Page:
When you skip the chapters of your journey, it will give a wrong impression for beginners (people will start to believe that it’s possible to create great design right from the first attempt) and prevent experienced readers from getting interesting insights. More than just seeing a well-made product, most people want to know how you solved the problem. It’s essential to show that your work had a process and that it didn’t just magically appear. Thus, show how paper sketches evolved into the final high-fidelity product.
5. Don’t be afraid to speak about your mistakes
All people make mistakes. When it comes to UX design, don’t pretend like you never made an incorrect assumption or stated a weak hypothesis. Instead, be frank about the mistakes that you made during the design process and share what you’ve learned by overcoming them. Demonstrate your problem-solving skills — convey your ability to apply the right tools and methods to solve a problem.
6. Provide a link to the interactive prototype or a link to a real product
When it comes to final product showcase, you need to provide more than just hi-fi mocks or videos with your product. It’s much better to provide either a link to the high-fidelity prototype or the real product. Let the readers experience it. When readers can download and play with your design, it will help them better understand your design decisions.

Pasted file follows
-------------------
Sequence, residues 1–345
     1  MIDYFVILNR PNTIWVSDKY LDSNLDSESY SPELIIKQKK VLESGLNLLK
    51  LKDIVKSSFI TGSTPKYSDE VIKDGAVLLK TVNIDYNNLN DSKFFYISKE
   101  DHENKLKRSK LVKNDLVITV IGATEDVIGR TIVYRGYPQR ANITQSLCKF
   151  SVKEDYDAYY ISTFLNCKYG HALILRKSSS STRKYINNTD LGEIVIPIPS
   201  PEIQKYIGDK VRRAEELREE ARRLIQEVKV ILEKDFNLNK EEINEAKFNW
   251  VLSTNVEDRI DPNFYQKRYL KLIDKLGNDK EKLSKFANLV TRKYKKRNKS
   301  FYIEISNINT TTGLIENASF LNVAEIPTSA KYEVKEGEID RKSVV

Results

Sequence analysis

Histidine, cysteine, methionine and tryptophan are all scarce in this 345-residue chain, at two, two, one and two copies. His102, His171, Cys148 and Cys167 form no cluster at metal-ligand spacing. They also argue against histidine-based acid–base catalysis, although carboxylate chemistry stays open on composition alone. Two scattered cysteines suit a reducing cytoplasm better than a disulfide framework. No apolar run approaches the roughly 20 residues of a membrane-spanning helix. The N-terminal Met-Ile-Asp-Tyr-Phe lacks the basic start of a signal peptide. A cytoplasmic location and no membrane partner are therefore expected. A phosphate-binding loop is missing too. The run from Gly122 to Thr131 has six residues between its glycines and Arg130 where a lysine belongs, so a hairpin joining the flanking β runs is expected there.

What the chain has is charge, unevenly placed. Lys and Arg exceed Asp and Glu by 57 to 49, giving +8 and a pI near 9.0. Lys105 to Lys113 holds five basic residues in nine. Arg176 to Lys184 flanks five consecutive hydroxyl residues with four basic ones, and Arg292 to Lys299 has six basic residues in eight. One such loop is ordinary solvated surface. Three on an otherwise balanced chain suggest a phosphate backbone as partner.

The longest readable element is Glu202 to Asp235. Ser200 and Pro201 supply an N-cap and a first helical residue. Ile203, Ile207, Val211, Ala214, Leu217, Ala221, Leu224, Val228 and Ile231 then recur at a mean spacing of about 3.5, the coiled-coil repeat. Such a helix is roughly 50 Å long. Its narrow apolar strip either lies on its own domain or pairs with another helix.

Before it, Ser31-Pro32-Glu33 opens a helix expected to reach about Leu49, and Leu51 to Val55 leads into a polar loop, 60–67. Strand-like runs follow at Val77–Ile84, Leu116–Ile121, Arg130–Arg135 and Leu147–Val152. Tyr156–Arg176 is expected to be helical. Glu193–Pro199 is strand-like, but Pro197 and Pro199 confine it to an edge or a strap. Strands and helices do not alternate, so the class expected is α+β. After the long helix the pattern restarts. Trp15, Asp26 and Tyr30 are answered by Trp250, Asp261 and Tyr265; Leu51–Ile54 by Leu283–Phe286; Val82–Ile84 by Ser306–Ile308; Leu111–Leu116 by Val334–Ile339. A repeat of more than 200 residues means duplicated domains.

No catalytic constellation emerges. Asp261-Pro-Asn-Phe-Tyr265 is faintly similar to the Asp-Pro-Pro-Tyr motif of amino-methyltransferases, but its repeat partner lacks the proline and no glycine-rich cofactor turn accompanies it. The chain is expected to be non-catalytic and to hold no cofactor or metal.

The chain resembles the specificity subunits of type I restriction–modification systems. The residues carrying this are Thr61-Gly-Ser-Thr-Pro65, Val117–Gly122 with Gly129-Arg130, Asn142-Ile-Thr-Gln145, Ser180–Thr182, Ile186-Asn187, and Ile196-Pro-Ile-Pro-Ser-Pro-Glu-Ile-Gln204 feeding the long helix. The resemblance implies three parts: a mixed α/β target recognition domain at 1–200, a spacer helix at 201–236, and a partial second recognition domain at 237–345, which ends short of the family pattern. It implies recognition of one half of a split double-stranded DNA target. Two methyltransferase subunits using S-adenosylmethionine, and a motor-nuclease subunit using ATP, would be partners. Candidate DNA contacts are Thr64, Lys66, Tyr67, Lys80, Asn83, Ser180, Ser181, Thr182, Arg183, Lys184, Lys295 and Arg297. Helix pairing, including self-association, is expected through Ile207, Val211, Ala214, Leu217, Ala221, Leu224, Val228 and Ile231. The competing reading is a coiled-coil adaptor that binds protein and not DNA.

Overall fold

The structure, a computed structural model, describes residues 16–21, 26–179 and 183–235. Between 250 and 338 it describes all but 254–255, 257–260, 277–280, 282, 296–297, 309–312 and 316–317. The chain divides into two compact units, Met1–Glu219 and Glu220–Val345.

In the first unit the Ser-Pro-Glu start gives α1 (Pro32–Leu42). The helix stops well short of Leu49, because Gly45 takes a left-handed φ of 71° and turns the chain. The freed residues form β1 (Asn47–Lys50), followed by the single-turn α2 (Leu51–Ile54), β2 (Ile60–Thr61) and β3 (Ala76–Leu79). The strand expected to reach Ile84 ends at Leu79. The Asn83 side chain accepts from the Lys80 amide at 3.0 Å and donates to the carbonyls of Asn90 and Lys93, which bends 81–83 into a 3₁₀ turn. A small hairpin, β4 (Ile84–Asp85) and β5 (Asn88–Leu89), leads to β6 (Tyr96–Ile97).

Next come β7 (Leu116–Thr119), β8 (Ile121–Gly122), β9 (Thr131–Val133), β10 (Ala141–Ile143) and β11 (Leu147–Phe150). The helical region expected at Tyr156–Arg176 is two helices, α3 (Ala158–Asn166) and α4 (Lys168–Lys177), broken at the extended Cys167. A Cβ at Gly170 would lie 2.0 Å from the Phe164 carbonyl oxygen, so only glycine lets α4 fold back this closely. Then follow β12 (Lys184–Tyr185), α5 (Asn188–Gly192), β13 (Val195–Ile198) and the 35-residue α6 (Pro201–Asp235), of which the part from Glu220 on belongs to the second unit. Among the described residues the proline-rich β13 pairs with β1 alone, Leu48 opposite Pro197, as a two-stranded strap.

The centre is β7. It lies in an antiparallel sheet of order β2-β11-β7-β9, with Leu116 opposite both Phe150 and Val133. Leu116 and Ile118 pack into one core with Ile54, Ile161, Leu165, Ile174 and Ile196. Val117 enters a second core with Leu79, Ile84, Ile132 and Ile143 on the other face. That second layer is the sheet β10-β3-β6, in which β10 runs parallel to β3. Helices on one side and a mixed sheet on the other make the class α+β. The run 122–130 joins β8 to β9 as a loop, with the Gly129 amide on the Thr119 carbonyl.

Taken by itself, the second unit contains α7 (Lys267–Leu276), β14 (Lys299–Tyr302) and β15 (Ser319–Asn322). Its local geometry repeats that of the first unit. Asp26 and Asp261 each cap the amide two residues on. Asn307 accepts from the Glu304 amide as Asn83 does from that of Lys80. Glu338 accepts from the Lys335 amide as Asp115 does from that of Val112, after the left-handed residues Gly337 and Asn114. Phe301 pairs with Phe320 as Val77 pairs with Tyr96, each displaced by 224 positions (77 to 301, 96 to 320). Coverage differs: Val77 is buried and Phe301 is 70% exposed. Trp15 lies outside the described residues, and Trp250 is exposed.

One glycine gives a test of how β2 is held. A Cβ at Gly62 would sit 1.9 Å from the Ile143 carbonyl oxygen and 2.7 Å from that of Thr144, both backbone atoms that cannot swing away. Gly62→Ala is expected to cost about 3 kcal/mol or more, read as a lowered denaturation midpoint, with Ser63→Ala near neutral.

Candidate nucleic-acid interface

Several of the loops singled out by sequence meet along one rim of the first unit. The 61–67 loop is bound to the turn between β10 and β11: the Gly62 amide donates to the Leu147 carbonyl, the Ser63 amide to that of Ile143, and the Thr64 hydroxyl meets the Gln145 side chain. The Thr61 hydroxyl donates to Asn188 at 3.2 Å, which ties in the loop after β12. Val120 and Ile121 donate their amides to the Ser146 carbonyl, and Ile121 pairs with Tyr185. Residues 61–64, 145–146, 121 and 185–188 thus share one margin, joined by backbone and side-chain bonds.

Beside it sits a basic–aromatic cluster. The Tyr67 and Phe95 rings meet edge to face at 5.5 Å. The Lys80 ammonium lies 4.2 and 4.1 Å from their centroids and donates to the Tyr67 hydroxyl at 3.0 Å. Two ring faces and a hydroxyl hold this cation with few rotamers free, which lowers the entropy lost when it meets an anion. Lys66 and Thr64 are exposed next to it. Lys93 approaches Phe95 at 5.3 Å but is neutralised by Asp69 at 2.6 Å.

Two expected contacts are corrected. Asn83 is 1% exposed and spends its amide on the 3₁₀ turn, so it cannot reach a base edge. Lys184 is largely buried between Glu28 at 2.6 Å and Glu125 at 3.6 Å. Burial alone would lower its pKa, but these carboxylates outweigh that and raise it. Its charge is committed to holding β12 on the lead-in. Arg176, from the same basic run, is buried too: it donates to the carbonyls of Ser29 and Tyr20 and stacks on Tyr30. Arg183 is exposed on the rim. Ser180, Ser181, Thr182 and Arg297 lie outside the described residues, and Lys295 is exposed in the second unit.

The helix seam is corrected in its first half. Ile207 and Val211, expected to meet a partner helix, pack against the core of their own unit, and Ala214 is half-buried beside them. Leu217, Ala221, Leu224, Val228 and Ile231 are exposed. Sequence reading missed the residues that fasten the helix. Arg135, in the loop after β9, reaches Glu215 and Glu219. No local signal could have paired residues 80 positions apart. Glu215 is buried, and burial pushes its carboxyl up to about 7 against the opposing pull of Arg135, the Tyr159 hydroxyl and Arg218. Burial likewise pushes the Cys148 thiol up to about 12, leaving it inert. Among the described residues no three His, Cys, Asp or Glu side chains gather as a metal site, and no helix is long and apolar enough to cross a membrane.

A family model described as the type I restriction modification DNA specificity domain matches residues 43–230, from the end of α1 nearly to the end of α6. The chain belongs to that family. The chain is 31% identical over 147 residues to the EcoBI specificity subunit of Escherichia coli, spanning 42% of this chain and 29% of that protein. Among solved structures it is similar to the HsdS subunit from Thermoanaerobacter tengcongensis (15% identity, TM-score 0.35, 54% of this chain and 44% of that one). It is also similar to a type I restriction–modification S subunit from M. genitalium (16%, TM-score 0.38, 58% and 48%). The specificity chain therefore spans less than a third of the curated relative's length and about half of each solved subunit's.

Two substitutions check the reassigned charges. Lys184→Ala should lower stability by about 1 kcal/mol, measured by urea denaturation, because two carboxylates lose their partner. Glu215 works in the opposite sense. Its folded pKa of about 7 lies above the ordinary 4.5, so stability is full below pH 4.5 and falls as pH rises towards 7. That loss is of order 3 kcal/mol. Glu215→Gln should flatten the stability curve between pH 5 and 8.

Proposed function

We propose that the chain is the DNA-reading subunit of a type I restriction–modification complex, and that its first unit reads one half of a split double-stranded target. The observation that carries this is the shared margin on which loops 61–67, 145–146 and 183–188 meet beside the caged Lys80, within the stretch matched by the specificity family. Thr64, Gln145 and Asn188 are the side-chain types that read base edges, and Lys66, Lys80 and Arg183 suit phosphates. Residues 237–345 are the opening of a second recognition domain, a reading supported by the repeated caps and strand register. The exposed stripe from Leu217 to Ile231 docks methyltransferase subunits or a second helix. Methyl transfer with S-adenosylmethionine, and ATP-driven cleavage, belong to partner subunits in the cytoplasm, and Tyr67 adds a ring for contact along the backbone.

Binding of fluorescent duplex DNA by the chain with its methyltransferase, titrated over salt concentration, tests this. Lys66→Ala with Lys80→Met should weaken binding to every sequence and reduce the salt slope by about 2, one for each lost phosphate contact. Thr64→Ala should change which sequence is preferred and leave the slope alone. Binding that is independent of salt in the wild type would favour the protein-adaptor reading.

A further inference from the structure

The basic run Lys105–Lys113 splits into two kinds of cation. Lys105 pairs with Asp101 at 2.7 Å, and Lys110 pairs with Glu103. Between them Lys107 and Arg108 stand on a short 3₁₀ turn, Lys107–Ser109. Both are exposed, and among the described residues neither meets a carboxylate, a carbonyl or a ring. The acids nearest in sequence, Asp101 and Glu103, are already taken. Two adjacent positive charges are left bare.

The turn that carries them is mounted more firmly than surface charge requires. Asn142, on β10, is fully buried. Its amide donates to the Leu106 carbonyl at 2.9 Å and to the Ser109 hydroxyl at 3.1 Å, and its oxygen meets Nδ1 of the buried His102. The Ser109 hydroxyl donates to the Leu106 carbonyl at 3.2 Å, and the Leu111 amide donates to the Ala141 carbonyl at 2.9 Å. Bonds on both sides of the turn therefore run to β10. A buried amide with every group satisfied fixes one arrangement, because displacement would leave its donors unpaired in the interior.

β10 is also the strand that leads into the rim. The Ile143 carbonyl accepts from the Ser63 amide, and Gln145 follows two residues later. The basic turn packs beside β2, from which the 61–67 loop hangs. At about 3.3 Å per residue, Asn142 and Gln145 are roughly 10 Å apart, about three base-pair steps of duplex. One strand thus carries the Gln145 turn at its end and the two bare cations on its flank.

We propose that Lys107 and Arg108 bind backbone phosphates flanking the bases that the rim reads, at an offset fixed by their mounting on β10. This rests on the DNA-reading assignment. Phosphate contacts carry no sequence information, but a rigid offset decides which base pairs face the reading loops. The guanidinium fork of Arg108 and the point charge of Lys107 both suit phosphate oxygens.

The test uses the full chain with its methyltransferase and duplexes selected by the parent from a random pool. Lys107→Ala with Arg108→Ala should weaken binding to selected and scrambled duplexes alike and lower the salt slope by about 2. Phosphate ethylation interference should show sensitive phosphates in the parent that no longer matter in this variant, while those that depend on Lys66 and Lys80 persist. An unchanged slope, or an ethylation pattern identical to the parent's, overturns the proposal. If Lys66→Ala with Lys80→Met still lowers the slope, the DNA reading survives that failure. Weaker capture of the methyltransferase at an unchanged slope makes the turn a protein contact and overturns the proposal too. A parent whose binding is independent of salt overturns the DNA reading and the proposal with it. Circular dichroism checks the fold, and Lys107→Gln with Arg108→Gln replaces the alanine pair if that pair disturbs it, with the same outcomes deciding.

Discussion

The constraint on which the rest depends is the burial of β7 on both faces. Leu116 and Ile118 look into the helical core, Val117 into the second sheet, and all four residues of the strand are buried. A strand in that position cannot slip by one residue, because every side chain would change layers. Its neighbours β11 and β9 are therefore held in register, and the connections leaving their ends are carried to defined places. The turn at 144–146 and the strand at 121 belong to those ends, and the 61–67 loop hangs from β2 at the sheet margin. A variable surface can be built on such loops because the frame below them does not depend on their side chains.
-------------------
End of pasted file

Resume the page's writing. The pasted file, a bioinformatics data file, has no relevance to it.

7. Include the section with testing
If your case study does not have a part that shows the results of usability testing and feedback from real users, chances are your readers will doubt your design decisions. Thus, try to cover your testing process in details — when and how you tested your product.
This section should answer the following questions:
- How did you test your solution? What testing techniques did you use?
- How did you measure success/failure?
8. Summarize your thoughts
Summary (or conclusion) should be a final chapter of your case study. It’s an excellent place to provide answers to the following questions:
- What did you accomplish? Showcase the value you brought to the company that hired you.
- What did you learn? Summarize what you’ve learned from the project.
Writing great UX case studies require a lot of effort, but it’s worth it. If you succeed, your case studies will demonstrate the depth of your abilities as a designer, showcase your thought process, and give potential employers or clients insight into what it might be like to work with you. But what’s more important — you’ll help other people solve similar problems, and this ultimately helps them create better products.
PS. For maximum impact, include a section with results. What was the conversion rate before? How did it improve after? Include any other KPIs that were positively impacted: time on site, engagement, average order value, customer lifetime value, anything else that is applicable. The close the KPI is linked to revenue, the better.